Wednesday, September 19, 2012

Door Kickers and Moneymakers in Iraq: Fobbit at Electric Literature

I'm a long-time fan of Electric Literature and the recent Recommended Reading series in particular.  From their mission statement: “In this age of distraction, we’re uncovering writing that’s worth slowing down and spending some time with.  And in doing so, we’re giving great writers, literary magazines, and independent presses the recognition (and readership) they deserve.”  I have yet to be disappointed by anything I read at Electric Literature.  The best part about all this great writing?  It's free.  If you know what's good for you, you'll subscribe.  Right now.  I'll wait.

Past authors at Recommended Reading have included A. M. Homes, Patrick Somerville, Steven Millhauser and Mary Gaitskill.  When fellow Iraq War veteran Phil Klay published his short-short “OIF,” I raved about it here at the blog.  So, when my editor at Grove/Atlantic, Peter Blackstock, told me a selection from Fobbit would be featured at EL, I was over the moon with happiness.

That excerpt went live today and it features a portion of a chapter where Staff Sergeant Chance Gooding Jr. is trying to give a heroic soldier a lesson in how to conduct an interview for the news media:

      Kyle Pilley was one of the best moneymakers the division had seen in the past six months and Harkleroad was practically piddling his pants with glee at the thought of all the goodwill his story would buy them in the mainstream media. He was already laying plans for Pilley to be interviewed, via remote satellite, by the Big Three morning-breakfast news shows (Good Morning America was on board, Today and CBS This Morning were teetering on the brink of a yes), not to mention features in the New York Times, Los Angeles Times, and, if Harkleroad was really, really lucky, Time and/or Newsweek. Yes, Kyle Pilley was the best thing to happen to Lieutenant Colonel Eustace Harkleroad and the rest of the Shamrock Division since they’d entered Iraq.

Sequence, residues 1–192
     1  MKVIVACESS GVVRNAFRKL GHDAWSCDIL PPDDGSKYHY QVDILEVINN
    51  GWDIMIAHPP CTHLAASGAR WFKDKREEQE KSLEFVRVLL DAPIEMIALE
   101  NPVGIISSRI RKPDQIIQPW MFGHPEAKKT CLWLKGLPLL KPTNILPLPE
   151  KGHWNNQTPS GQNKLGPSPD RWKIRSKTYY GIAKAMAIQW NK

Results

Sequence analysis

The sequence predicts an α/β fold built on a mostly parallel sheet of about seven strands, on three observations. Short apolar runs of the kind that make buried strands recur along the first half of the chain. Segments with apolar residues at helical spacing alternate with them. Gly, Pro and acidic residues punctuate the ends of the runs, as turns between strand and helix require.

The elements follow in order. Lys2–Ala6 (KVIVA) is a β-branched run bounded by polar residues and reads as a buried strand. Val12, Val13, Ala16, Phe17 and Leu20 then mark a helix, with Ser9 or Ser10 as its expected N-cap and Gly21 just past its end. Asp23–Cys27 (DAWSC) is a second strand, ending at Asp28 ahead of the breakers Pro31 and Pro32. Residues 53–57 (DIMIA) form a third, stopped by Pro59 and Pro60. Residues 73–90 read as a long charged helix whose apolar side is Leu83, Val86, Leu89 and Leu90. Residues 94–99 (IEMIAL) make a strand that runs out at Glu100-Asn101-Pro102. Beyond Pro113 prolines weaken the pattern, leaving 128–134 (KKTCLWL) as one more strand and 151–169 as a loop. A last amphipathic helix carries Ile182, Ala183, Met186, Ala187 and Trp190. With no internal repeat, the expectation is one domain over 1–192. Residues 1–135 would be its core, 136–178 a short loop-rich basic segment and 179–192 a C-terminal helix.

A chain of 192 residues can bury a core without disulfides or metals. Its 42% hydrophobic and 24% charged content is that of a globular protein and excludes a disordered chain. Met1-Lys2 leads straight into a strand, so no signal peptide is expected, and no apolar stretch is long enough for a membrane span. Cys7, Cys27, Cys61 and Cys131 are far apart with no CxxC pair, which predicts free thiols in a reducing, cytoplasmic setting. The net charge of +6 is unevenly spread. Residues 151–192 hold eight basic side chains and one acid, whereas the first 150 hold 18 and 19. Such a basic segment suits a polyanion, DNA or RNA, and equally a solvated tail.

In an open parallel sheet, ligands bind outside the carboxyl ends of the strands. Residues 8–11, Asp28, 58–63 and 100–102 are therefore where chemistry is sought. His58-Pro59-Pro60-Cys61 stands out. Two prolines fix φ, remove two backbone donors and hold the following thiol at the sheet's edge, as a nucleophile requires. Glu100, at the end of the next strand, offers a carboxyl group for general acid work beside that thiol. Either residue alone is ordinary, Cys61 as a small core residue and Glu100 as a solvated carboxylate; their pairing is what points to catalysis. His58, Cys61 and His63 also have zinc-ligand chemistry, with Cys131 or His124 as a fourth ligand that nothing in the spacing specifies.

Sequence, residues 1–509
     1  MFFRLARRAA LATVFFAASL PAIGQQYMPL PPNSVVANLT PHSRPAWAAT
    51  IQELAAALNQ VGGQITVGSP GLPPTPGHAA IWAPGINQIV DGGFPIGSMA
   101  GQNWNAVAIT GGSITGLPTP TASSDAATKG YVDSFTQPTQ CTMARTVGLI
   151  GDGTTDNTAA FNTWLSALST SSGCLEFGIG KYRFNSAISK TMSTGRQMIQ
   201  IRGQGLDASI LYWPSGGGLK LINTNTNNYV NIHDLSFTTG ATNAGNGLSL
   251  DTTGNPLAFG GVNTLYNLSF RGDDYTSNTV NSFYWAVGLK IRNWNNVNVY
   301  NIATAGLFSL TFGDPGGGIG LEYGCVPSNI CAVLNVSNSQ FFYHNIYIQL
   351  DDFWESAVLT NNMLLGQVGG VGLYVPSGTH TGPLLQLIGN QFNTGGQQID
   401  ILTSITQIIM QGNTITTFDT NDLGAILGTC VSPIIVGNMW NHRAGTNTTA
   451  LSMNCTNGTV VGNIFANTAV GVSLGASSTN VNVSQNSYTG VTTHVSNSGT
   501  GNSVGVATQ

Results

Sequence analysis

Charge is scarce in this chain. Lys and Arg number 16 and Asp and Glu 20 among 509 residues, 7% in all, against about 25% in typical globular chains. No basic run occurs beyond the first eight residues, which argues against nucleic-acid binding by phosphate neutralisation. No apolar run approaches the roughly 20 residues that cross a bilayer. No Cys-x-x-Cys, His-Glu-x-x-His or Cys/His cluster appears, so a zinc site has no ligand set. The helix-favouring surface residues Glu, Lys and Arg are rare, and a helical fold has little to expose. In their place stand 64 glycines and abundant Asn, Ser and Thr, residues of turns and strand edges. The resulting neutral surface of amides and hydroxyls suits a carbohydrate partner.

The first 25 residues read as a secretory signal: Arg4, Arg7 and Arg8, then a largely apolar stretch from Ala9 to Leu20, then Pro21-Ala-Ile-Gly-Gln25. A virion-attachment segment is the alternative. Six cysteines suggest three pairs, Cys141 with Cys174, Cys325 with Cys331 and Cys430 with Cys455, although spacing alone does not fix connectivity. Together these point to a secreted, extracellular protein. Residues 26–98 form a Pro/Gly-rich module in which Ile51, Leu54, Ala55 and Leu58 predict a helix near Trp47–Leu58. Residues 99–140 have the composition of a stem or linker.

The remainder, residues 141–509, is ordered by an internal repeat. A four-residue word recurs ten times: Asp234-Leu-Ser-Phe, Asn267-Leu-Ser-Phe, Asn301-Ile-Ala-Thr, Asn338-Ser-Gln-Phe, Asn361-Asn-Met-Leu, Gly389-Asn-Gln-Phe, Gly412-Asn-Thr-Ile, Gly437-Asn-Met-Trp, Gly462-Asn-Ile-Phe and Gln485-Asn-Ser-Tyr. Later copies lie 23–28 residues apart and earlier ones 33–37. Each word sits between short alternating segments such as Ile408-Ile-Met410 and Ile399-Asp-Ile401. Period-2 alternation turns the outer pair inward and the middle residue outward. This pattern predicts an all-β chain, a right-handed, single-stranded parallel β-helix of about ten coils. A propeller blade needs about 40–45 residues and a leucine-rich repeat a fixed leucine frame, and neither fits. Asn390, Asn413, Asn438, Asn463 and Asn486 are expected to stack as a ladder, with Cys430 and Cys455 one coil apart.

First, however, Specialist Pilley needed the short course in Media Interview Tips 101, the preparatory briefing the Public Affairs Office liked to give to all soldiers, from colonel to private, before they spoke to major news outlets. A week before Gooding’s Qatar vacation, Harkleroad had given him this task because, he reasoned, the specialist might be more receptive to a lecture coming from an NCO than he would from a lieutenant colonel.
      “The first thing you have to remember,” Gooding told the twenty-year-old infantryman after he’d brought him into his cubicle and sat him down, “is that you are in control of the interview, not the reporter. This is your story and you’re going to tell it in the way that feels most comfortable to you—with a little coaching from us, of course. We’re here to help you smooth it out and make it sound more dramatic for the folks back home.”
      Pilley, a nervous kid with hair the color of bread crusts, wiped his hands on his pants, licked his lips, and croaked, “Sure.”
      “Take your time and don’t just blurt out the first thing that comes into your head.”
      “Okay.” Pilley tried to loosen something in his throat with an abrupt cough.
      “So … just a few questions to start off with.” Gooding went down the list on his clipboard. “Have you ever been convicted of a misdemeanor?”
      “Have you ever been involved in a bitter divorce or a nasty child custody dispute?”
      “Any paternity suits pending?”
      “None that I know of.”
      “Were you ever sent to the principal’s office?”
      “Once, but it was totally not my fault, what they said I did.”
      “Have you ever touched a member of the opposite sex in an inappropriate way so they would have cause to file charges against you?”
      “Hey, what is this, anyway?” Pilley’s eyes flicked around the cubicle, expecting McKnight from his squad to jump out any minute and yell, “Ha! You’ve been punk’d!”
      Gooding waved a not-to-worry hand through the air. “Just trying to shine a light on any shadowy areas of your life. We like to get there before the media does. So, what about it—any inappropriate sexual touching?”
      “No. No way.”
      “Okay, fine. Now, to the matter at hand. Have you ever been interviewed by a member of the mainstream media?”
      “Does my high school newspaper count?”
      “Not exactly.”
      “Then I guess the answer is no. Never talked to no media person before.”

Click here to read the excerpt in its entirety

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